Frequent nightmares could be an early warning sign of Parkinson’s disease | UK News

Experiencing frequent bad dreams and nightmares could be an early sign of Parkinson’s disease, a study suggests.

Distressing dreams have been previously associated with the neurological disease.

But now experts from the University of Birmingham think there is evidence that regular bad dreams could be an early warning sign for developing the condition.

Lead author Dr Abidemi Otaku said: “While we need to carry out further research in this area, identifying the significance of bad dreams and nightmares could indicate that individuals who experience changes to their dreams in older age – without any obvious trigger – should seek medical advice.”

Parkinson’s disease is a brain disorder that causes unintended or uncontrollable movements, such as shaking, stiffness, and difficulty with balance and co-ordination.

Symptoms usually begin gradually and worsen over time. As the disease progresses, people may have difficulty walking and talking.

The new study – published by eClinicalMedicine – used data from 3,818 men from the US Osteoporotic Fractures in Men Study.

None of the men – who were aged 67 or over – had Parkinson’s at the start of the research and were asked how often they had bad dreams.

People who said they had distressing dreams at least once a week were then followed up at the end of the study to see whether they were more likely to be diagnosed with the condition.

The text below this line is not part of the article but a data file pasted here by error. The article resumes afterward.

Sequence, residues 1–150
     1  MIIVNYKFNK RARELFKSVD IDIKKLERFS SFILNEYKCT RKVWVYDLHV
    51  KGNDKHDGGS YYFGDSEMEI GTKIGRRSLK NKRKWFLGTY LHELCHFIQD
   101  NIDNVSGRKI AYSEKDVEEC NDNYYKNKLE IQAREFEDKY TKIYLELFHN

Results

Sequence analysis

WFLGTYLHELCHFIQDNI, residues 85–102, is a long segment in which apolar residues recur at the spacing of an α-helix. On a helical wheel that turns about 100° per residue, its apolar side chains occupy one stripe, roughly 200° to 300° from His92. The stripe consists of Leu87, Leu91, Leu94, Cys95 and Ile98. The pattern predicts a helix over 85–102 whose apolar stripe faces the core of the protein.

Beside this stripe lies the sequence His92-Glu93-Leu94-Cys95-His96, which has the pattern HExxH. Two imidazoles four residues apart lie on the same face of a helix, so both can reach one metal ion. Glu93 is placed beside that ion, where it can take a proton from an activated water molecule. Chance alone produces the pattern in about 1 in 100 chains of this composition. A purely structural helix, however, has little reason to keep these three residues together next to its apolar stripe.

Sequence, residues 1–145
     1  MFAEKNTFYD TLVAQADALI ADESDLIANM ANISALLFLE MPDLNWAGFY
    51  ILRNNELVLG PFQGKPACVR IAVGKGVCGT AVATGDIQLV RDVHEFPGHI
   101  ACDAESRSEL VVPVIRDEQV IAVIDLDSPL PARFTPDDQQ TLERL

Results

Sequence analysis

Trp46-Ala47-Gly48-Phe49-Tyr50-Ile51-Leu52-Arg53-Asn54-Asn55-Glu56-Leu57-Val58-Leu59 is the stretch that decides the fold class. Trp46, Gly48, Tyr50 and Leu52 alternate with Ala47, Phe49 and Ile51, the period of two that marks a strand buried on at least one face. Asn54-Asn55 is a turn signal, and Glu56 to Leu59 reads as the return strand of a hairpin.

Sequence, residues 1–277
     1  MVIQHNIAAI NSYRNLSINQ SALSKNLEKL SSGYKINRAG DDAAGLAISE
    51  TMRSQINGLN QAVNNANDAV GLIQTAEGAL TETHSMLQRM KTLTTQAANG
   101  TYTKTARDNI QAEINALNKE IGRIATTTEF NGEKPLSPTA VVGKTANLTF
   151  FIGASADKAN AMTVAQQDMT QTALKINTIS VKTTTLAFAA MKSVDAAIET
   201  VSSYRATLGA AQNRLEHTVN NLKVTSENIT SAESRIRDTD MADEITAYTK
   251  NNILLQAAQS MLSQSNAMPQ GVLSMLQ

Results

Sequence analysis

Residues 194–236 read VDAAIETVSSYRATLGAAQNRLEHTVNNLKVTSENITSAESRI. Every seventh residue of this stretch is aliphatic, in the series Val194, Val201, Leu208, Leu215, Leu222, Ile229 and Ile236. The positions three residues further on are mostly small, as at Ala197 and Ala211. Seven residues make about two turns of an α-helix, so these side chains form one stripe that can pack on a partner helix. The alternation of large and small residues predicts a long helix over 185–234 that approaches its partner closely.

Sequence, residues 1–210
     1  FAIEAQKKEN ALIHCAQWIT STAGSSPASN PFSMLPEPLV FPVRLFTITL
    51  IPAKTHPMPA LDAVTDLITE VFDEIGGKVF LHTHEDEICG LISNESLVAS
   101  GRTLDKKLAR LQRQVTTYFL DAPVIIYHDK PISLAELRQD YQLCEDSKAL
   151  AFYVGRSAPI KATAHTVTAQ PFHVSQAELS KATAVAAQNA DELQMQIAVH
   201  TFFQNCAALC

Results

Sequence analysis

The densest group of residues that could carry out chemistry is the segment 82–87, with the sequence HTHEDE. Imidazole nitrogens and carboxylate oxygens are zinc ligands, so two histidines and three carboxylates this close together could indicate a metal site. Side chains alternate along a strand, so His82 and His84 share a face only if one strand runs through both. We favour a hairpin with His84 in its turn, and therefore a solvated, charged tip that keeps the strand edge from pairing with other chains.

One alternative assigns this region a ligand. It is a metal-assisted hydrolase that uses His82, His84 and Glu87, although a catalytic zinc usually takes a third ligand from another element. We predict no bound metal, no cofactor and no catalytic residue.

During a seven year follow-up, 91 cases were diagnosed, most within the first five years of the research.

Researchers also found those with frequent nightmares during the first five years were more than three times as likely to go on to develop Parkinson’s.

They now plan to use electroencephalography (EEG) – which records brain activity – to look at the biological reasons for dream changes – and extending the research to larger groups of people of both sexes and different backgrounds, and to other neurodegenerative diseases such as Alzheimer’s.

Dr Katherine Fletcher, research communications manager at Parkinson’s UK, said: “It will be interesting to see how this research progresses when researchers begin to unpick the biological changes that are causing these changes to dream content and how this links to the progression of neurological conditions such as Parkinson’s.

“The more that is known about the earliest signs of the condition and how the brain might be changing, the closer research will get to better treatments and a cure.

“This is of vital importance to the estimated 145,000 people currently diagnosed with Parkinson’s in the UK.”

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